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Blackwell provided a familiar list of the woes making homebuilding challenging now: high interest rates, rising construction costs, tight labour markets, and the global economy. Blackwell, whose company has a decades-long track record and more than 20,000 homes completed, or in development, appeared at the Metro Vancouver meeting last month to make a last-ditch plea for the board to reconsider one thing the regional government can control: major fee hikes for new residential construction.

Metro’s plan to jack up development fees by as much as 255 per cent had shocked local developers, and even got the attention of federal Housing Minister Sean Fraser. In an unusual step, Fraser reached out directly to Metro leadership last year urging them to pause the fee hikes, warning that such dramatic escalation could endanger the viability of badly needed housing projects.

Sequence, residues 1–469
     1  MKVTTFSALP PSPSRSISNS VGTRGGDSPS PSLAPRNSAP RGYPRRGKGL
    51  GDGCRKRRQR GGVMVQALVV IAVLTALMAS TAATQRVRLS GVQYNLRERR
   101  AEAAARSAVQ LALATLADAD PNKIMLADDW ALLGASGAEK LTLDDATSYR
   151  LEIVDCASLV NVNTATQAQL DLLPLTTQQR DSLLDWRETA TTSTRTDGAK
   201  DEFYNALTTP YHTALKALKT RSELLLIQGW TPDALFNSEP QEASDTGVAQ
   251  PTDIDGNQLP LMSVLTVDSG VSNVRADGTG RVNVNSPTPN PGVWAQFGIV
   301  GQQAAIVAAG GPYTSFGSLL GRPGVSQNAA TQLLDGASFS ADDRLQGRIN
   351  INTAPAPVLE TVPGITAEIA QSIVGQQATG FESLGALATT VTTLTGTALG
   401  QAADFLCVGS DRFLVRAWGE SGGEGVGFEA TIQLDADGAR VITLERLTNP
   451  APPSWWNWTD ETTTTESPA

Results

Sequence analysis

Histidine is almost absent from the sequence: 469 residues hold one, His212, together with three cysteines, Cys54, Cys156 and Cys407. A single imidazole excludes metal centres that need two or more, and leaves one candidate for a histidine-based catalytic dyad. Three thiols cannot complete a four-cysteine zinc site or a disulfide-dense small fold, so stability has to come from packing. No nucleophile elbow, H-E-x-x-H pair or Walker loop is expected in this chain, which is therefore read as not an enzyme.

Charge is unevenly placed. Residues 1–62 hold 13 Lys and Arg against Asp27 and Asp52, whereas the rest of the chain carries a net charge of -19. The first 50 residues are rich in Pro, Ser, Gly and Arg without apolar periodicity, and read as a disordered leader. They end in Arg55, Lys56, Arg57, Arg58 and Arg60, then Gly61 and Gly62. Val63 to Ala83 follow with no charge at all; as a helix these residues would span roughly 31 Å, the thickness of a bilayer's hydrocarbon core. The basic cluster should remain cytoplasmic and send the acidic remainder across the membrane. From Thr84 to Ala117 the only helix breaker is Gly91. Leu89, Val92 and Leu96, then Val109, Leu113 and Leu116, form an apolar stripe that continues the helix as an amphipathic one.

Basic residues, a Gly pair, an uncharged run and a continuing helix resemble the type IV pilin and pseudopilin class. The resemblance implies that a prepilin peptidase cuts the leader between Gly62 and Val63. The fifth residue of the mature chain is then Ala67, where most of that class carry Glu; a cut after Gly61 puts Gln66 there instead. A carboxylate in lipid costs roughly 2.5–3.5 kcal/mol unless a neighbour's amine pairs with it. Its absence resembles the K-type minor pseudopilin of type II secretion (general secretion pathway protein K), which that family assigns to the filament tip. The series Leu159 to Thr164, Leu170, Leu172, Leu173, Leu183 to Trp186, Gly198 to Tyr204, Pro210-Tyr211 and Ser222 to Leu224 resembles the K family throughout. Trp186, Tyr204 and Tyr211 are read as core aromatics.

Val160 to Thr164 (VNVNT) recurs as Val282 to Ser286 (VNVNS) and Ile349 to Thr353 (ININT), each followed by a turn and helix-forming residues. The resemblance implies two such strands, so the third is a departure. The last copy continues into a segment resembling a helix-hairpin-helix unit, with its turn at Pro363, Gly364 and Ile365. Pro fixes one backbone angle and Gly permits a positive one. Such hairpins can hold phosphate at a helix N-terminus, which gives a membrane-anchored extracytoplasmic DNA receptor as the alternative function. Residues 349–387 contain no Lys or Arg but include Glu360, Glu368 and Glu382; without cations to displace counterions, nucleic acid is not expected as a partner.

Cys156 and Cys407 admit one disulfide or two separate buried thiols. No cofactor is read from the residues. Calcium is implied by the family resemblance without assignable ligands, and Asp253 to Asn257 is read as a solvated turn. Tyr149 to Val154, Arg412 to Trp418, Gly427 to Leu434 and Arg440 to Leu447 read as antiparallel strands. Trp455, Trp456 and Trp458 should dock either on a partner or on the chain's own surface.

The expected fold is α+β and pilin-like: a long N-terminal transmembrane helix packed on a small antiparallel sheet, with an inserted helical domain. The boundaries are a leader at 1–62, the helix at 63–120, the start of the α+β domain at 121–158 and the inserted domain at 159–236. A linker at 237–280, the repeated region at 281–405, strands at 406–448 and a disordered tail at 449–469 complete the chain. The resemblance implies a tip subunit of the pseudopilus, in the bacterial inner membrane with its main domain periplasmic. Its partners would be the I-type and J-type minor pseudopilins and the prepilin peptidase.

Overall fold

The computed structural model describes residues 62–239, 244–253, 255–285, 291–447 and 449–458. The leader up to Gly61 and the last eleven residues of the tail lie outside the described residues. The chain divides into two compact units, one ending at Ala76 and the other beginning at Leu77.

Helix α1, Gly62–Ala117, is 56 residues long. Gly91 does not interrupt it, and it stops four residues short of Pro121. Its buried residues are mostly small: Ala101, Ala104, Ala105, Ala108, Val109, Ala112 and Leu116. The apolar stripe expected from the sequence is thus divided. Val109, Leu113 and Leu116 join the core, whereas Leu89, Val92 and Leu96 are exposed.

“Projects will stop,” Blackwell told Metro. “There’s a formula, and that formula allows for projects to be built and a certain amount of fees can be built into that. But it’s past the tipping point. And I think what you’re going to see — because I know it because I’m dealing with it — is projects getting cancelled.”

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VANCOUVER, BC - April 17, 2024 - Terrace House under construction at 1250 West Hastings in Vancouver, BC, April 17, 2024. (Arlen Redekop / Postmedia staff photo) (Story by reporter) [PNG Merlin Archive]
Terrace House, a property where construction has stalled, at 1250 West Hastings in Vancouver on April 17, 2024. Photo by Arlen Redekop /PNG